With forecasters predicting a strong El Niño continuing through winter, flooding could again pose a problem for North Texas.
The Tarrant Regional Water District, which supplies raw water to most of Tarrant County, is already planning for the possibility, said David Marshall, director of engineering and operations support. With the district’s lakes at a combined capacity of 95 percent, reservoirs wouldn’t have far to go to fill up again.
“Starting late October and into November, we should really begin refilling reservoirs,” Marshall said. “Hopefully, the rain won’t come all at one time so we won’t see any of the damage or destruction like last spring.”
Forecasters have said there’s a 95 percent chance El Niño will continue through this winter
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The Climate Prediction Center’s monthly El Niño forecast, released Thursday, said there is a 95 percent chance that El Niño will continue into early spring next year.
While El Niño’s influence is greatest during winter, the climate center’s three-month outlook continues to show above-normal precipitation for most of Texas.
El Niño occurs when sea-surface temperatures are above normal off the Pacific coast of South America, bringing wetter weather to the southern U.S. A strong El Niño could also be a boon to drought-stricken California. The current El Niño is among the strongest on record.
State Climatologist John Nielsen-Gammon said that while El Niño brings no guarantees for Texas, he expects a wetter pattern to return. But even when conditions appear perfectly aligned, it could fizzle.
“It’s possible we could see a good bit of rain, but it’s also possible we could get something really strong and overshoot that sweet spot for rainfall,” Nielsen-Gammon said.
Nielsen-Gammon said he believes North Texas has already felt the effects of this El Niño and points to May’s record rainfall and flooding.
“I have research showing that when you come into an El Niño, you can get very heavy rainfall during the spring,” he said.
In winter 1997-98, which is often considered one of the strongest El Niño winters on record, DFW saw much higher rainfall.
In winter 1997-98, which is considered one of the strongest El Niño seasons on record, Dallas-Fort Worth had its second-wettest winter (December-February) on record, with 15.22 inches.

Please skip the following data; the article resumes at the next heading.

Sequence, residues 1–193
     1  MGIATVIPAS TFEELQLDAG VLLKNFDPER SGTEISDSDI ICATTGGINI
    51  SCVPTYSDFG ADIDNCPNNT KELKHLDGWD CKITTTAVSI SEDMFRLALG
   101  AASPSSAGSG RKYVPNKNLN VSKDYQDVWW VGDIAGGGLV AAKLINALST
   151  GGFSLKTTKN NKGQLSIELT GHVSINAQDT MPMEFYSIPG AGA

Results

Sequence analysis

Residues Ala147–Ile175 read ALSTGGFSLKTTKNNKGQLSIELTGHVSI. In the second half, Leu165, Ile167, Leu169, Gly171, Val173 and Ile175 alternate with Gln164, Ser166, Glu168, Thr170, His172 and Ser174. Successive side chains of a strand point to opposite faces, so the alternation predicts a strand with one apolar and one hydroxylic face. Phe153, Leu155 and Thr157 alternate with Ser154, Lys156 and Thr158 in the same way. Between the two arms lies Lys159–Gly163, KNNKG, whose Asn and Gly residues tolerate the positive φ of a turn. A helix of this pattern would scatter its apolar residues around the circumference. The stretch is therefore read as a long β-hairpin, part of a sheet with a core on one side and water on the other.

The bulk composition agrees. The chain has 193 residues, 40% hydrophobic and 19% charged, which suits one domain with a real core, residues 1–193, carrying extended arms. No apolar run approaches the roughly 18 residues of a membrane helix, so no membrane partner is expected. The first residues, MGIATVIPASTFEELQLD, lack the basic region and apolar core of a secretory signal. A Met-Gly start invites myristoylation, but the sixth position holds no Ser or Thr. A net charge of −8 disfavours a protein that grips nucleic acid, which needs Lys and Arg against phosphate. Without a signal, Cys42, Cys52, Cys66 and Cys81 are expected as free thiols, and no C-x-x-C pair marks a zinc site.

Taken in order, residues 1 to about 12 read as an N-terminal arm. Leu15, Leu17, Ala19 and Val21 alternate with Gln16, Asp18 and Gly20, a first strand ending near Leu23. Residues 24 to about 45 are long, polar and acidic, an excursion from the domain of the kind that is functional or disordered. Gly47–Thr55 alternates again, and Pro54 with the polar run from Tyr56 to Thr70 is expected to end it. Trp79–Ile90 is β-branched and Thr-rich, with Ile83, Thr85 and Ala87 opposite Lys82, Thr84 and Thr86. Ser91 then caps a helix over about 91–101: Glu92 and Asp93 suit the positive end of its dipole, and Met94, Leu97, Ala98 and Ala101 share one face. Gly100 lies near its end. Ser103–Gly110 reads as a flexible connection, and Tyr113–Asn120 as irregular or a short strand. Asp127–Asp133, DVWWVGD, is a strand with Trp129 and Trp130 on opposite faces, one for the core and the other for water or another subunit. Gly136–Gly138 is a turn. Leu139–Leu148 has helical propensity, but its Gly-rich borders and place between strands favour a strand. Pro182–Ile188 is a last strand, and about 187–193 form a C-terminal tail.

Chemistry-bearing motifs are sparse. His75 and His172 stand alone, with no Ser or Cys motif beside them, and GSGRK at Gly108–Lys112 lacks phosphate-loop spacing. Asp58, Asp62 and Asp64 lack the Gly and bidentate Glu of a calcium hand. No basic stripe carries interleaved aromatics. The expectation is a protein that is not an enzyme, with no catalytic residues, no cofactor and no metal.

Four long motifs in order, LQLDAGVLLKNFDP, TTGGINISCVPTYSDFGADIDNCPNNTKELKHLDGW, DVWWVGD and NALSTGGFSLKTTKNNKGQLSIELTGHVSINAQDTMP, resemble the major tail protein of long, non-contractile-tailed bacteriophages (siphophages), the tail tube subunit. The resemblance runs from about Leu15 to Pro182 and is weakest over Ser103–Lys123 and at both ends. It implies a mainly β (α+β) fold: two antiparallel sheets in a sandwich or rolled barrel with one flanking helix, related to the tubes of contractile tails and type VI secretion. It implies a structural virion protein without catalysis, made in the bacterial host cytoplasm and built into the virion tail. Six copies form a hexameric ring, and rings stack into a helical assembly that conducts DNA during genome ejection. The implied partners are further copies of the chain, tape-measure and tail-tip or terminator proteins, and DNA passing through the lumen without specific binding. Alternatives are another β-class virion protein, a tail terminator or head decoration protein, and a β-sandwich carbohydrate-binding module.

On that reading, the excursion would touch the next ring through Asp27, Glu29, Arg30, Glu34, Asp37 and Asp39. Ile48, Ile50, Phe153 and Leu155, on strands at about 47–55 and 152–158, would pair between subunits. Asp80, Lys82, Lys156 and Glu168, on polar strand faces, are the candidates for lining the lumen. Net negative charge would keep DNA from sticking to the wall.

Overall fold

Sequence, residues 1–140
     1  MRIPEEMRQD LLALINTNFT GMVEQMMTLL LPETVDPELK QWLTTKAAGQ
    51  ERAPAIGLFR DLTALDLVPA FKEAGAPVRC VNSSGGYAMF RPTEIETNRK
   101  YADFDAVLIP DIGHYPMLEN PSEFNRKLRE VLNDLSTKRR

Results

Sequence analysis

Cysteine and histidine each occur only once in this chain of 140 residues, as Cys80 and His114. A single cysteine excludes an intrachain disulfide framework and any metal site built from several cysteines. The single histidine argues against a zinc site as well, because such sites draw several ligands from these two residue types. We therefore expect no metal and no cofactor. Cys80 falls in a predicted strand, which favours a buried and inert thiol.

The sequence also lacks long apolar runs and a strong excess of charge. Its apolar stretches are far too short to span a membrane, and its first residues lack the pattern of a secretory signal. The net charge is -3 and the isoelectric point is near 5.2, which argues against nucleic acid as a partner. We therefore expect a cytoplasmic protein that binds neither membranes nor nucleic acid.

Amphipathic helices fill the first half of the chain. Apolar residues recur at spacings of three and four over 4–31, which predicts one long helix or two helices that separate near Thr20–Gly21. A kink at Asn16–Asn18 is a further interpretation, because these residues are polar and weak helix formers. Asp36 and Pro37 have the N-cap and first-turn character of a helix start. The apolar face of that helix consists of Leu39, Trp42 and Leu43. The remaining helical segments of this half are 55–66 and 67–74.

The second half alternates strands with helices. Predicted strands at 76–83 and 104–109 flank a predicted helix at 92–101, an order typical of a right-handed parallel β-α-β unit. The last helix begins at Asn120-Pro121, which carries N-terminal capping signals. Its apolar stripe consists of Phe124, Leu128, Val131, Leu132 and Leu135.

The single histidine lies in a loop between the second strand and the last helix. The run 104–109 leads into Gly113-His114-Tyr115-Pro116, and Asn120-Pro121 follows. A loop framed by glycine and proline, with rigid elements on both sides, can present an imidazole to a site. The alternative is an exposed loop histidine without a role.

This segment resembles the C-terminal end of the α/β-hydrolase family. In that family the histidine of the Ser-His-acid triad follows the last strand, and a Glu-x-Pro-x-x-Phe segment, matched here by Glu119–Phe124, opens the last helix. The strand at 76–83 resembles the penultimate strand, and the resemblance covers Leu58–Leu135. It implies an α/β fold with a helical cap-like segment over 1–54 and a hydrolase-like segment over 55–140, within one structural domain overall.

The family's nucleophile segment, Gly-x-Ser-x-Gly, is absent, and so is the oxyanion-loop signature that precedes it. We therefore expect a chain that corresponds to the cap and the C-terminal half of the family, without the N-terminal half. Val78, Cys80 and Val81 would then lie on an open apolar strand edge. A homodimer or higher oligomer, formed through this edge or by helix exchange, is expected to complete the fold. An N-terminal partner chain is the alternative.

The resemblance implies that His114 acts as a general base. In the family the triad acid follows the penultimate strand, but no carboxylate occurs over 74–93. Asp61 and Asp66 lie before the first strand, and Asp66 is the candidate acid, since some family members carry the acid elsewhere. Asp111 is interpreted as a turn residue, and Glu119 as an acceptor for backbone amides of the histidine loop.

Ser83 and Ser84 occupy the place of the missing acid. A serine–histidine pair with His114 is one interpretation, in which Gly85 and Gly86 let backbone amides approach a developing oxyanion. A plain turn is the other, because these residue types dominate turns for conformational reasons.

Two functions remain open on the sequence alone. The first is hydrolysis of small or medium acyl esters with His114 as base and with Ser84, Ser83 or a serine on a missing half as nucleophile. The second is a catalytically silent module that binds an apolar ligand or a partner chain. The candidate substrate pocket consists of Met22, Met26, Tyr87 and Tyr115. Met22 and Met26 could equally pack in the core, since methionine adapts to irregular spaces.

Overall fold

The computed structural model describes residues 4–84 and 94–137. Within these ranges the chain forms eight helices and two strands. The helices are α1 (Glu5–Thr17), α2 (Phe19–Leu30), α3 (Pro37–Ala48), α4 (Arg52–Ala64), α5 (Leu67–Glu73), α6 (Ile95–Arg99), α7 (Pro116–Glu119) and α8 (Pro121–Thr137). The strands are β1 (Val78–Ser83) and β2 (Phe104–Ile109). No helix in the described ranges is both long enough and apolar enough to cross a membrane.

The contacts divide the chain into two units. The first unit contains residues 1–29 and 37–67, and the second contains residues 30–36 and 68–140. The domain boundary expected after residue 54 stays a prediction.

“It does appear that precipitation amounts increase with increasing strength of El Niño,” National Weather Service meteorologist Dan Huckaby said.
But Huckaby said there have been only five strong El Niño events since data started being tracked for this type of weather phenomenon in North Texas.
“There are only five good analogs for this coming winter,” Huckaby said. “Using these as predictors might be helpful, but there is certainly no statistical significance.”
Rain way above normal
Fall is traditionally one of the wettest seasons in North Texas, and Wednesday’s storms dumped a record 2 inches at Dallas/Fort Worth Airport.
This year, the airport has had 38.96 inches of rain — 13.9 inches above normal.
Because most of the rain came in the spring, drought conditions have crept back into parts of Texas. Sections of Tarrant, Dallas, Denton and Wise counties are listed in severe drought. And some areas southeast of Dallas are listed in extreme drought, the second-worst category.
The latest drought monitor, released Thursday, doesn’t include Wednesday’s rain.
In the short term, North Texas should cool off this weekend with its first hint of fall-like temperatures, with highs in the mid-80s.
Highs will climb back into the 90s next week, but no 100-degree days are on the horizon.
It’s not out of the question that we could see another 100-degree day, but a lot of the long-range guidance is suggesting we’re probably done.”
Matt Stalley, National Weather Service
“It’s not out of the question that we could see another 100-degree day, but a lot of the long-range guidance is suggesting we’re probably done,” said Matt Stalley, a meteorologist with the weather service.
This year, North Texas has had 15 days of at least 100 degrees, the same number as last year and three below the average of 18.
El Niño winters also tend to be cooler, but Huckaby said that doesn’t mean North Texas will see more wintry weather.
“It turns out that extreme cold outbreaks are actually less likely during El Niño winters, which typically have fewer days with freezing temperatures than normal,” Huckaby said.